Daily Distractions: Now wearing number 11 for the Dodgers, Erisbel Arruebarrena.

Dixie Walker wore number 11 for the Brooklyn Dodgers from 1939 to 1947. The jersey changed hands 13 times over the next 22 years, until Manny Mota donned number 11 in 1969. It was his up until his final appearance as a 44-year-old pinch hitter in 1982, a groundout that interrupted Mota’s long tenure as the Dodgers’ hitting coach.

Mota, now 76 years old, is still wearing the uniform in camp these days in an unofficial capacity, much like the man wearing number 2, Tommy Lasorda. Pitcher Guillermo Mota (no relation) wore number 11 briefly as a Dodger in the early 2000s. The number seemed to be reserved for Motas — or at least, players with only four letters in their last name, as if the MOTA could be balanced delicately atop the two digits.

Today, this was hanging in the Dodgers’ clubhouse:

Erisbel Arruebarrena (pronounced Arr-ru-eh-BAHR-ena, as the caption indicates) recently received his U.S. work visa and arrived in camp Thursday morning.

As for the type of player we can expect to see wearing number 11, the bar is as high as a 5-year, $25 million contract.

Minor league games are likely next, writes Eric Stephen of TrueBlueLA.com.

I’m not in camp today. I’ll be attending the annual SABR Analytics Conference in downtown Phoenix, where Dodgers head athletic trainer Stan Conte is speaking on a panel discussing medical analysis and injury prevention.

Some bullet points for an National earmuff day:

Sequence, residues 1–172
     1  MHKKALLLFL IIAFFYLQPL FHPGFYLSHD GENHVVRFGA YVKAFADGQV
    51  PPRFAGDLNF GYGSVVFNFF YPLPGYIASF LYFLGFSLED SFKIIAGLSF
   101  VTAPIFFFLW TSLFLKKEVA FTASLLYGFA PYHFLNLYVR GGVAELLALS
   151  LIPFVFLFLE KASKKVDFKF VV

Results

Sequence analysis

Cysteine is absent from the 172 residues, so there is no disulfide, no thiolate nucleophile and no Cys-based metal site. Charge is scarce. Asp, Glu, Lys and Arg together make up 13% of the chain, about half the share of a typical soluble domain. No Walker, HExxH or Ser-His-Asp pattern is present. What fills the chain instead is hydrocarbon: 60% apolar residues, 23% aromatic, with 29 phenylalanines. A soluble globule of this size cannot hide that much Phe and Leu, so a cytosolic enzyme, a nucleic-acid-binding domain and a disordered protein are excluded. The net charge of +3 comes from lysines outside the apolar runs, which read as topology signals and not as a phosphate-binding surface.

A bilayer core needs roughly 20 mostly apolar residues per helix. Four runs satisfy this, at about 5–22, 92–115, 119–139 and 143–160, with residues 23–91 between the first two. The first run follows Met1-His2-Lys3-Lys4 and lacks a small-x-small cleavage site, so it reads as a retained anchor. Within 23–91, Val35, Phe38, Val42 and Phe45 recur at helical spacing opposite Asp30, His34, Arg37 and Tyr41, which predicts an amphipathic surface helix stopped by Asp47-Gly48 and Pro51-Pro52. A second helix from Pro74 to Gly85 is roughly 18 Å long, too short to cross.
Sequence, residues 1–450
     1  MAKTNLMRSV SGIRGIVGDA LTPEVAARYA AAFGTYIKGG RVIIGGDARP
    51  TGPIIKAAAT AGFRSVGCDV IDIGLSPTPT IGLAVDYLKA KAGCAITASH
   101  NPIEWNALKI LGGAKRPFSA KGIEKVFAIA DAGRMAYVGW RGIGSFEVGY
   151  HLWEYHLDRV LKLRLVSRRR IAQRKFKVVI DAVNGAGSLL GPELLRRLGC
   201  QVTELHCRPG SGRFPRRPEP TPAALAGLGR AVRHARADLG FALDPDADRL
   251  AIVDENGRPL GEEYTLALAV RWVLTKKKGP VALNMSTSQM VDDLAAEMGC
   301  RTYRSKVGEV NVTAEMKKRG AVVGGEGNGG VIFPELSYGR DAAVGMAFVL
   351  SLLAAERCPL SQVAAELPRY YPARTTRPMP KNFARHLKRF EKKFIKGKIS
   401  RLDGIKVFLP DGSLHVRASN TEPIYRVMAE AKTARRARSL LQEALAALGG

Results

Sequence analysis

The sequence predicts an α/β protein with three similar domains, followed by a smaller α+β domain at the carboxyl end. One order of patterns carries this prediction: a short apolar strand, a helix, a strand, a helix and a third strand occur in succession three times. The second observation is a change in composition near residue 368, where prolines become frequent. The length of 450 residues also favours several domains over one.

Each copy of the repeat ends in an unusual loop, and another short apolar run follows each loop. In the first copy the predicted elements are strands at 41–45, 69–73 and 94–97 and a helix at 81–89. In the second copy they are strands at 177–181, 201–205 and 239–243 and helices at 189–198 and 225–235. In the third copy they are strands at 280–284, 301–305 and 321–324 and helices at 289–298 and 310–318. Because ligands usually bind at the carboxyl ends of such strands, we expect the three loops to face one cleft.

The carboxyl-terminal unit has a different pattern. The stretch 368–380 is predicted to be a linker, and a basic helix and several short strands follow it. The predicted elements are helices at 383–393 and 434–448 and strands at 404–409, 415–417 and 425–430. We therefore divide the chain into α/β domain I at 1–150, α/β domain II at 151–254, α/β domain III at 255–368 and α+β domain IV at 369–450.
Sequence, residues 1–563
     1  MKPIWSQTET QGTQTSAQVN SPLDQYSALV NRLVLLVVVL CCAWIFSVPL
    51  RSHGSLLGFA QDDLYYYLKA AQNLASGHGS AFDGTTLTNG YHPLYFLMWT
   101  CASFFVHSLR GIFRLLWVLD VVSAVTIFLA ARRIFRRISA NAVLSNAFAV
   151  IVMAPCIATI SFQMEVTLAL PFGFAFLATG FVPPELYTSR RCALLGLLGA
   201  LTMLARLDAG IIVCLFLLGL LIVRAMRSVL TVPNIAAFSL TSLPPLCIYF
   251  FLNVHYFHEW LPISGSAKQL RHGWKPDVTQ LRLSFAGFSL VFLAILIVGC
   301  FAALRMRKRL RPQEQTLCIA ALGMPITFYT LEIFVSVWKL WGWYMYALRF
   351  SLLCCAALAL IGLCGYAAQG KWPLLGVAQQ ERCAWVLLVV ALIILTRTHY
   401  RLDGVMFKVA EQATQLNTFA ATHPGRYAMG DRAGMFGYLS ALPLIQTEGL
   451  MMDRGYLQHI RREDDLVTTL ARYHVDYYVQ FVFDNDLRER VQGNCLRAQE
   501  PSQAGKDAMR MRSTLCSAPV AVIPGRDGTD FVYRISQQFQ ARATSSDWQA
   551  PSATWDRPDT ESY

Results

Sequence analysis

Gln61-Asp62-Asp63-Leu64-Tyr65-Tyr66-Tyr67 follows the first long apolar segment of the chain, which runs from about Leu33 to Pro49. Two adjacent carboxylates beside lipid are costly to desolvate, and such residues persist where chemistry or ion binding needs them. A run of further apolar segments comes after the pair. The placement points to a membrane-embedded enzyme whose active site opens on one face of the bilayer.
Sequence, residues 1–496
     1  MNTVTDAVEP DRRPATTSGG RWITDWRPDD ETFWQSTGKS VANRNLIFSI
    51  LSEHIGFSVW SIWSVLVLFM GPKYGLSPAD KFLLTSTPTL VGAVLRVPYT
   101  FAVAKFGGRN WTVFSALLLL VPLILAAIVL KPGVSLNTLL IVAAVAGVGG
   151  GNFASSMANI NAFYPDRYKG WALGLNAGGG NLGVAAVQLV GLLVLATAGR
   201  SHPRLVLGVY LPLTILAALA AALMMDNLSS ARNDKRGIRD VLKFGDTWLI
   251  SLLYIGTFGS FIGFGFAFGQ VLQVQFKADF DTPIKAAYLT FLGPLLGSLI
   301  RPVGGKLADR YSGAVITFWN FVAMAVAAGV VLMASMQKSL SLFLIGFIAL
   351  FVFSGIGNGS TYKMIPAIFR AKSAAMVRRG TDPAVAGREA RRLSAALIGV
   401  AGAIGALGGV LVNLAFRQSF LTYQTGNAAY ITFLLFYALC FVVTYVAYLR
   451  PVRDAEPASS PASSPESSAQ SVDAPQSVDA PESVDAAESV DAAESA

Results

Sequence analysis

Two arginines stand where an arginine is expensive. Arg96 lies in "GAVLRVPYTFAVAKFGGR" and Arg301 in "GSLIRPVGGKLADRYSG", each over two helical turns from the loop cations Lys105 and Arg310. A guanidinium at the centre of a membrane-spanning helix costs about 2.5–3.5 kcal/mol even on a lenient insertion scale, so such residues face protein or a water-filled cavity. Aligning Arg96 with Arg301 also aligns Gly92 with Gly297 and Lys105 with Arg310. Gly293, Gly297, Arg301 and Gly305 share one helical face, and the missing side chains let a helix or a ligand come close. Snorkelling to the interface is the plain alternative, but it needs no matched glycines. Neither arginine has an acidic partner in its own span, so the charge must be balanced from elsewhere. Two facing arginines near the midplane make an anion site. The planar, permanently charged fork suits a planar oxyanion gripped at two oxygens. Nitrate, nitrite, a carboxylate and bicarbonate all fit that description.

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Daily Distractions: Chemistry, cover boys, and Chet Faker’s new tune.

Yasiel Puig Hollywood ReporterYasiel Puig is this week’s Hollywood Reporter cover boy.

Watch the video included with the story. I think it does a great job peeling back the curtain on the sort of shenanigans that go on inside the Dodgers’ clubhouse all the time — not just between Puig and Juan Uribe, and not just when the Hollywood Reporter is making a celebrity out of a baseball player.

Those kind of antics are often difficult for reporters to put into words, language barrier or not. Even when you quote the banter verbatim (here’s a good example from today between Skip Schumaker and Nick Punto), the light-hearted freneticness of the moment doesn’t always jump out of the page/computer screen in a way that screams “this team obviously has good chemistry.”

But yeah, this team obviously has good chemistry.

Some bullet points for a Pakistani Independence Day:
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Daily Distractions: Is Clayton Kershaw in the midst of the best season ever by a Dodgers pitcher?

Clayton Kershaw

Dodgers pitcher Clayton Kershaw didn’t allow a run in eight innings against the New York Yankees on Wednesday. (John McCoy/Staff photographer)

Dodgers catcher A.J. Ellis gets the bigger picture of his existence as a Major League Baseball player. He doesn’t strike me as an over-the-top baseball historian like Curt Schilling, or a numbers guy like Brandon McCarthy, but he does catch Clayton Kershaw every fifth day. So he gets it.

“We’re spoiled, that’s all I can say, having him on our team and on our pitching staff,” Ellis said after the Dodgers’ 3-0 loss to the Yankees yesterday. “We’re teammates with somebody who’s really, really special.”

Some perspective on Kershaw: His 1.87 earned-run average is the lowest in baseball, and he has a chance to post the first sub-2.00 ERA by a Dodgers pitcher since Sandy Koufax in 1966. If the season ended today, Kershaw would qualify for the ERA title (he’s pitched 168 innings) and would own the third-lowest ERA in a single season in Dodgers history. In terms of ERA+, which accounts for how many runs are being scored around the league in a given year, Kershaw is in the midst of the best season by a pitcher in Dodgers history, a hair better than Koufax’s 1966 season.

But Ellis doesn’t need the numbers. He sees it all the time. “The fact that (Kershaw) can come out and reproduce what he does,” Ellis said, “is what makes him the best in the league.”

Onto the bullet points for a Colorado statehood day:
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